top of page
  • Evan Laslo

A Music Major’s Deep Dive into the Succession Theme Song, by Caroline Cruise

If you haven’t seen Succession, drop what you’re doing and fire up HBO Max. The Emmy and Golden Globe–winning show centers on the dysfunctional Roy family, whose patriarch (Brian Cox) owns a global media and entertainment company. As he considers retirement, his children—Kendall (Jeremy Strong), Roman (Kieran Culkin), Siobhan “Shiv” (Sarah Snook), and Connor (Alan Ruck)—vie for the top spot in the company. This show has so much to offer, like top-notch acting, complicated characters you might root for one minute and despise the next, and breathtaking cinematography. But the most fascinating aspect of Succession is its theme song, which has played non-stop in my head since I started Episode One.

A lot of people skip the theme song when they stream shows, but this isn’t the case for most Succession fans. The song went viral on TikTok, and it also inspired many people (like Pusha T, Kevin T. Porter and Sam Sanders, and Demi Adejuigbe) to share their own renditions on social media. The song has a cult-like status among fans, and it has drawn in listeners along the way. This begs the question: What separates a skippable theme song from an iconic theme song?

The answer is simple—memorability. But the musical elements that make a theme song memorable are a little more complicated. Succession’s theme song is unlike anything that you would hear on the radio today. It’s dissonant, jarring, and it manages to blend two distinct genres together—classical music and hip-hop.

The song starts with bass, which sets the intensity and drives the theme forward until the end. The theme is in the key of C minor, but dissonance is used throughout the song to add a sense of urgency and discomfort. In an interview, Succession’s composer Nicholas Britell explains that the theme immediately sounds “off” because the C-minor chord is played with a B natural, a tone that doesn’t fit in with the rest of the chord.

The melody is played on the piano, and the chromatic tune spans multiple octaves in one phrase, both drawing in and overwhelming the listener. The piano itself is distorted, sounding more like a music box than the instrument itself. Then come the strings, which create a back-and-forth effect as they strike dissonant fortissimo chords during the offbeats. The strings then split, half taking on the melody and half taking on a quiet and intense ostinato during the bridge, which builds up until the chorus returns.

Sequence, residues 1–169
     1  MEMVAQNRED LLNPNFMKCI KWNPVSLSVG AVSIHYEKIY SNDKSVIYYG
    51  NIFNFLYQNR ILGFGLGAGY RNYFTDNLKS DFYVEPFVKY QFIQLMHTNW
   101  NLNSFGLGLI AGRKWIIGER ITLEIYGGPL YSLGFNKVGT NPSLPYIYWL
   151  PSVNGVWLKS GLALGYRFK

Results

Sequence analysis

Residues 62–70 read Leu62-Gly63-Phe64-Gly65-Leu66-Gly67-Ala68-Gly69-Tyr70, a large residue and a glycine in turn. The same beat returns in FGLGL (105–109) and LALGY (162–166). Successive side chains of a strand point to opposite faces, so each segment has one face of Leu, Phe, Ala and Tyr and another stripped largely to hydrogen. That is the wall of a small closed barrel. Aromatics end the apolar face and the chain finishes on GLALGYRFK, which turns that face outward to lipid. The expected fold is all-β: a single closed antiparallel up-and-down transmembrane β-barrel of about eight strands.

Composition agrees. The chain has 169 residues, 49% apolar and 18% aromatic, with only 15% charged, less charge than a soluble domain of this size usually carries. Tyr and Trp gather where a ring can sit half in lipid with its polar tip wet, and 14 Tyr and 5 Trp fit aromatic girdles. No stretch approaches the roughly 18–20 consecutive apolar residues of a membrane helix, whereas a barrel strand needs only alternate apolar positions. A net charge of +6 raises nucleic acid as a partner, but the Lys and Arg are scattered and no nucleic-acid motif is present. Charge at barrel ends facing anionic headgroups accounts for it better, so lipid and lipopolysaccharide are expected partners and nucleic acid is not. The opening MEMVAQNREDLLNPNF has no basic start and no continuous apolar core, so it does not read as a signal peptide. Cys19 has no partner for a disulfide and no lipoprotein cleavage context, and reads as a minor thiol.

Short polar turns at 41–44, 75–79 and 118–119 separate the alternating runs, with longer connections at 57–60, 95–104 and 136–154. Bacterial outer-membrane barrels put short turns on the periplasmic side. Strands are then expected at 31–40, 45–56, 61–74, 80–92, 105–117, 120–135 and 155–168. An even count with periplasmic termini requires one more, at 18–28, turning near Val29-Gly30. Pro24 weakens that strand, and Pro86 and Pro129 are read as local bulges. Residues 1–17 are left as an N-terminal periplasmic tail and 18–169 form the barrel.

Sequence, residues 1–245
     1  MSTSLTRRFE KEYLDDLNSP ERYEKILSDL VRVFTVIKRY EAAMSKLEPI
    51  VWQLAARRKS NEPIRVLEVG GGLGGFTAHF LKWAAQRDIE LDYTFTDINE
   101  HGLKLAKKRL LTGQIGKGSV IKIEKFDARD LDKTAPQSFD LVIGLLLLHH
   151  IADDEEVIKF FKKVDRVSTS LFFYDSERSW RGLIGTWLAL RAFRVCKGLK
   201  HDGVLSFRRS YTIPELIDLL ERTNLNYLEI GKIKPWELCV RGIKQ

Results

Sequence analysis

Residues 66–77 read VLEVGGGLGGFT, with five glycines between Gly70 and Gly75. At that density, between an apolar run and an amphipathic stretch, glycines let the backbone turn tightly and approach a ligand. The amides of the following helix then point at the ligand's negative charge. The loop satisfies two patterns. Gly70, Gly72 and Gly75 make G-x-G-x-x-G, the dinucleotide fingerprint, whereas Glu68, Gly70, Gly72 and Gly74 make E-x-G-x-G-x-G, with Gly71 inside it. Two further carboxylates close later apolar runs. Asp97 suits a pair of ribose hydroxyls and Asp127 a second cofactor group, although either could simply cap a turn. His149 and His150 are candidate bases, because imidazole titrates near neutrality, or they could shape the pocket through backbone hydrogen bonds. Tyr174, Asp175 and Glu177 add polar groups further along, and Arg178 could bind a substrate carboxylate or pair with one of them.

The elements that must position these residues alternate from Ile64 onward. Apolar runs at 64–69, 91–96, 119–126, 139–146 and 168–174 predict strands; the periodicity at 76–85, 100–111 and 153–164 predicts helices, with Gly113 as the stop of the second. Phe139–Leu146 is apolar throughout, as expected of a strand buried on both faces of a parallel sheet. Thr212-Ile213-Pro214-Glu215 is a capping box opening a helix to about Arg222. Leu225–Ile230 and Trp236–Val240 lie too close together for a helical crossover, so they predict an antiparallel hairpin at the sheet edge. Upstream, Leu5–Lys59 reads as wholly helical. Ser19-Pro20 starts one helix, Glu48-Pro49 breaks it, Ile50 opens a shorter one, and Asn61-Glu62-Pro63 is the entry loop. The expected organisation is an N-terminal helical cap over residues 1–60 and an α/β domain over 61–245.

Grainy clips of stone-faced children—presumably, the Roy siblings in their youth—flash on screen while the theme plays. As the song progresses, the vintage clips are juxtaposed with crystal-clear shots that represent the present, like the New York City skyline, daunting skyscrapers, and newspapers whirling through a machine. The shots work in tandem with the music to create a cold and intense mood that perfectly embodies the Roy family’s world.

But the theme doesn’t end when the title flashes across the screen. Britell brilliantly weaves the theme’s melody and underlying chords throughout each episode. For example, the theme is often twisted to represent different locations. When the Roy family visits Connor’s ranch in New Mexico, we hear an acoustic version of the main sequence as the camera pans across the unfamiliar landscape.

The majority of Succession’s soundtrack consists of the same chords, but each variation of the song twists the music to subvert the listener’s expectations and evoke a different emotion. During some of the most dramatic moments, like a shocking twist in the season three finale, the theme is slowed down and reduced to the piano, creating a haunting melody.

If we can learn one thing from the popularity of the Succession theme song, it’s that a melody doesn’t need to sound pleasant for it to be effective. Succession’s dissonant and chromatic theme works because it throws the viewer into the cold and unforgiving world of the show.

Try listening to the soundtrack on your next walk to class; the captivating melodies will transform the brick buildings of Oxford into the high-rises of New York City. But don’t blame me if the theme gets stuck in your head!

26 views0 comments


bottom of page